Why a law on peaceful assembly is needed
With bans on peaceful assembly ever more frequent and all-purpose, banning any meetings in a particular place or timeframe, the need for legal regulation is clear. It is just as clearly missing at present
In an article for Dzerkalo Tyzhnya, Volodymyr Yavorsky explains why the need for a decent law in Ukraine on freedom of peaceful assembly is so urgent.
First some more details about the ever worsening situation in this area. The number of court bans of peaceful gatherings is increasing radically. A particularly worrying feature is that “more and more often such bans apply not to one event, and over a lengthy period, territory or indefinite number of meeting organizers. In 2011 there were at least 203 such bans; in 2012 already 313. There has been a sharp rise in the number of cases where organizers of peaceful gatherings face administrative charges. Last year there were over a hundred.
The law enforcement bodies often illegally ban events; unwarrantedly detain their organizers or people taking part; restrict the routes they can take; block access to the place where such gatherings are planned; or don’t protect protesters from attacks.
Volodymyr Yavorsky believes that the reasons are not only political, but also related to the lack of a law on freedom of peaceful assembly.
He sets out arguments for swift adoption of a law, these being in brief, the following
There is no clear legal regulation of freedom of peaceful assembly
The authorities, courts and police use three mutually exclusive sources of regulation:
i) Unfortunately, least often, solely the Constitution (Article 39 stipulates only that notification is needed, not permission, and gives a list of reasonable grounds for bans);
ii) In at least 50 cities decisions by bodies of local self-government which are dubious from a constitutional point of view are used in place of a law;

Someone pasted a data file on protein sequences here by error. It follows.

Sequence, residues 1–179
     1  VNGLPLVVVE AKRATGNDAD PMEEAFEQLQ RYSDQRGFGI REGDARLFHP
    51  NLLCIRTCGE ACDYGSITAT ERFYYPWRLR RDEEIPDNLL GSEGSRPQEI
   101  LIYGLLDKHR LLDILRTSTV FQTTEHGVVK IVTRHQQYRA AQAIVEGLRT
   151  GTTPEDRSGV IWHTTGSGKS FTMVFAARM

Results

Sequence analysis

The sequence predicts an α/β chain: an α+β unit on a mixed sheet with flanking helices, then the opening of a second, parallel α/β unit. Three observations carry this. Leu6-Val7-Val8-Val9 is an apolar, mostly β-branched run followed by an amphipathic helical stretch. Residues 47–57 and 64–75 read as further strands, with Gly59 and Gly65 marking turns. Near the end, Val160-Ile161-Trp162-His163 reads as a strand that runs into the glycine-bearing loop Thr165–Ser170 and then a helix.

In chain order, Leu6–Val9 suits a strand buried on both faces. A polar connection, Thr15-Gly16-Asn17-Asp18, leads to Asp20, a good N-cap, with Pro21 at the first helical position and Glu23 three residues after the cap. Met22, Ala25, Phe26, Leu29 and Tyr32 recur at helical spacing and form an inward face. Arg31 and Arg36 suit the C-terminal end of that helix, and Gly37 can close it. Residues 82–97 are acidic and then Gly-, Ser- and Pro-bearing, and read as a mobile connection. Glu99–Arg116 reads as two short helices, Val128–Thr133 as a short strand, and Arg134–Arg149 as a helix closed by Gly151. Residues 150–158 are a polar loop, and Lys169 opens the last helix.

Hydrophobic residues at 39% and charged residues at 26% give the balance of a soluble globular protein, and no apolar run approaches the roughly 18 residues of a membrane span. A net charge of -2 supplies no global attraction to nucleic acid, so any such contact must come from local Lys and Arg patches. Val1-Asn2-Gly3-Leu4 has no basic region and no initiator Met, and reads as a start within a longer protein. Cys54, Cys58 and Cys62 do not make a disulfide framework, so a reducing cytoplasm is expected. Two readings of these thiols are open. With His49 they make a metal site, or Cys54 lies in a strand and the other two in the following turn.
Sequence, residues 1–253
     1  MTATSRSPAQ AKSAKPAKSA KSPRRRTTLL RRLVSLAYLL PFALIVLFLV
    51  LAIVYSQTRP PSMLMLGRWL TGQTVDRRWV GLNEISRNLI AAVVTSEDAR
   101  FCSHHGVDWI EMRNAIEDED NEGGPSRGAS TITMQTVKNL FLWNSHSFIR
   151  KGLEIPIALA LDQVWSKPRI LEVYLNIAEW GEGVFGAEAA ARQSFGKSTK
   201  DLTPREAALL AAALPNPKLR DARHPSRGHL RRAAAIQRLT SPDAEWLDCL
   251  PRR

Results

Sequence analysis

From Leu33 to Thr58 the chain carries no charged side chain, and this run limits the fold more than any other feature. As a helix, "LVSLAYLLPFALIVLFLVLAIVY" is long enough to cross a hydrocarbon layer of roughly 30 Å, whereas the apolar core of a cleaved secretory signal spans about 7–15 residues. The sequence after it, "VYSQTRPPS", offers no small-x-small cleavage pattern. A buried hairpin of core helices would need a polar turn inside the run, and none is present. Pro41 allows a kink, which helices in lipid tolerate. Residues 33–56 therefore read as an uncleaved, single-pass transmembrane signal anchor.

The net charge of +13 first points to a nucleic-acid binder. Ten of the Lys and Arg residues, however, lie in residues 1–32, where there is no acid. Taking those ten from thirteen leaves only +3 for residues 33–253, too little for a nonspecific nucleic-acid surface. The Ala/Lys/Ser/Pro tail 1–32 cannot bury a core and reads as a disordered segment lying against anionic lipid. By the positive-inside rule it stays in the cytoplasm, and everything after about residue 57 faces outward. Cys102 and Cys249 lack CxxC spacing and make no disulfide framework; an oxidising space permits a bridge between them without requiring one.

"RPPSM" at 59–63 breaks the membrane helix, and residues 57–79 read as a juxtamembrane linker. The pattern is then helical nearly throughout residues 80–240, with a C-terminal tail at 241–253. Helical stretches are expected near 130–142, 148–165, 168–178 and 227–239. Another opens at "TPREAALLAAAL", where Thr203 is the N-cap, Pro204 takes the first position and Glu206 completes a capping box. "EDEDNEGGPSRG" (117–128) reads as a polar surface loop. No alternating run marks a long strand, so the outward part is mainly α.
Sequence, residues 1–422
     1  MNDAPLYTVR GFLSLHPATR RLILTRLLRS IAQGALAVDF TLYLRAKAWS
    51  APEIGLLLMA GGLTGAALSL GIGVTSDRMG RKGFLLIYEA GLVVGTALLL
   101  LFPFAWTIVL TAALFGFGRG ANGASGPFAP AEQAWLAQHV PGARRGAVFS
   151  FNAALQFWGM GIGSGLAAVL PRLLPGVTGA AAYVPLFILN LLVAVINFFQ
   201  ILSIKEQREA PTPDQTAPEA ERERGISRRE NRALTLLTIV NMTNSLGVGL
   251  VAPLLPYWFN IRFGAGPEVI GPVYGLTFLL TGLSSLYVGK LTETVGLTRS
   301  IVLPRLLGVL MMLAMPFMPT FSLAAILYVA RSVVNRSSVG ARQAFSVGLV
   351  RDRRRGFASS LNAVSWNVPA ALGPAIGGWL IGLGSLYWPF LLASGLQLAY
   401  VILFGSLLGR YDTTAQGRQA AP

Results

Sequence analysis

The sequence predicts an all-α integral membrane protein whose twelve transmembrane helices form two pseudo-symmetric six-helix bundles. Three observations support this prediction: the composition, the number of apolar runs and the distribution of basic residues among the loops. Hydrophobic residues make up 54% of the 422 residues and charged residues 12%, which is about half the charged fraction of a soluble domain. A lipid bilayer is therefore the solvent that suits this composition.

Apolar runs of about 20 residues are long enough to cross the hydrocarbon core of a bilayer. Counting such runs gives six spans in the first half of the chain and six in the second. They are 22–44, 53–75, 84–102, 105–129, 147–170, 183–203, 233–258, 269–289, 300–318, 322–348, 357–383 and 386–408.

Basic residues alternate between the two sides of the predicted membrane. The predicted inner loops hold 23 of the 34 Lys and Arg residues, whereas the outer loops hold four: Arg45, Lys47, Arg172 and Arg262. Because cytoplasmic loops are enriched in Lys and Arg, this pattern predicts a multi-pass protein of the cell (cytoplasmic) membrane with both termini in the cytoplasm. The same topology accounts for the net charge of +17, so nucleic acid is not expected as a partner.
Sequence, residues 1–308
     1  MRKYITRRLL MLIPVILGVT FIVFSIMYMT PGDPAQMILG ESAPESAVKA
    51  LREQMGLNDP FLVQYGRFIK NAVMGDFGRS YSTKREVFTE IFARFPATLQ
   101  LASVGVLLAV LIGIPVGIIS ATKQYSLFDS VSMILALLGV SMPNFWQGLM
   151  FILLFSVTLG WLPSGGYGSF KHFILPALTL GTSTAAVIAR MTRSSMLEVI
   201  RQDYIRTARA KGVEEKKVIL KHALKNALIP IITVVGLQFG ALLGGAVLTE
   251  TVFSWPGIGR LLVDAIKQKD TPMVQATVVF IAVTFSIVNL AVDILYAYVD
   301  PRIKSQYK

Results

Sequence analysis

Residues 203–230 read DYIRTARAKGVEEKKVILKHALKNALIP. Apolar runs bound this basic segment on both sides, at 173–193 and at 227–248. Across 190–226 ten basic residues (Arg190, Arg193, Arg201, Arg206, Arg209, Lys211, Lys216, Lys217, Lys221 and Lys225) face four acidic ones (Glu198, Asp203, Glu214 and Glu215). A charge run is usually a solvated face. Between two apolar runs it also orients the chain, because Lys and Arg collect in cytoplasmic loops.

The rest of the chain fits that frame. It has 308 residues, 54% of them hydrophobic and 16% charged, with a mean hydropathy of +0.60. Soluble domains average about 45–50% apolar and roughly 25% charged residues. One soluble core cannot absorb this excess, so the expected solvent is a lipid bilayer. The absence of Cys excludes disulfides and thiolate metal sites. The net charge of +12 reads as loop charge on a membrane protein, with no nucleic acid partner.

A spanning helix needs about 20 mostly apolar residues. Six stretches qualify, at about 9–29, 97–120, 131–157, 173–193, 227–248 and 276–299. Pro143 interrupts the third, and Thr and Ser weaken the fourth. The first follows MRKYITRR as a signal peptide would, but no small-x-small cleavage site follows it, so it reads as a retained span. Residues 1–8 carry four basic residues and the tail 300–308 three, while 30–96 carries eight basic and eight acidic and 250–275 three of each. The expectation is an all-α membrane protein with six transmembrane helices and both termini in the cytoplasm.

iii) Reference is made to the notorious Decree of the Presidium of the Supreme Soviet of the USSR of 28 July 1988 «On the procedure for the organization of meetings, political rallies, street events and demonstrations in the USSR”.
The Decree establishes a permission-based system for peaceful assembly and stipulates that applications must be filed 10 days before the planned gathering.
The other problem, however, is the highly questionable validity of a decree issued by a no longer existing country.
Yavorsky writes that one can argue about which of the above three forms of regulation are correct, but practice shows that all of them are used.
This means that for organizers of a peaceful gathering, the consequences of their action cannot be foreseen.
Volodymyr Yavorsky represented Oleksiy Vyerentsov who recently one his case at the European Court of Human Rights. A brief summary of the Court’s position as well as of the case can be found here
Most crucially, the Court found that the Vyerentsov case disclosed a structural problem, namely a legislative lacuna concerning freedom of assembly which has remained in Ukraine since the end of the Soviet Union. It noted the existence of only one document establishing procedure for holding demonstrations, the 1988 Soviet Decree which it said is not generally accepted by the Ukrainian courts as still applicable.
“Therefore, under Article 46 (binding force and implementation), the Court invited Ukraine to urgently reform its legislation and administrative practice to establish the requirements for the organisation and holding of peaceful demonstrations, as well as the grounds for their restriction”.
While acknowledging that time was needed given the transitional period Ukraine has been going through, however more than 20 years cannot be considered justified.
There has been some argument among NGOs regarding whether a special law on peaceful assembly is needed, with those who believe it isn’t citing the European Court of Human Rights as purportedly backing this.
Yavorsky rightly notes that the Court in Strasbourg cannot tell Ukraine how it must resolve the current situation however it makes it abundantly clear that regulation is required.
While a law cannot eliminate the scope for officials to abuse their powers and restrict freedom of assembly, it can narrow their options.
Yavorsky notes that the authorities use lack of legal certainty to prevent peaceful assembly. Rules must be set which apply throughout the country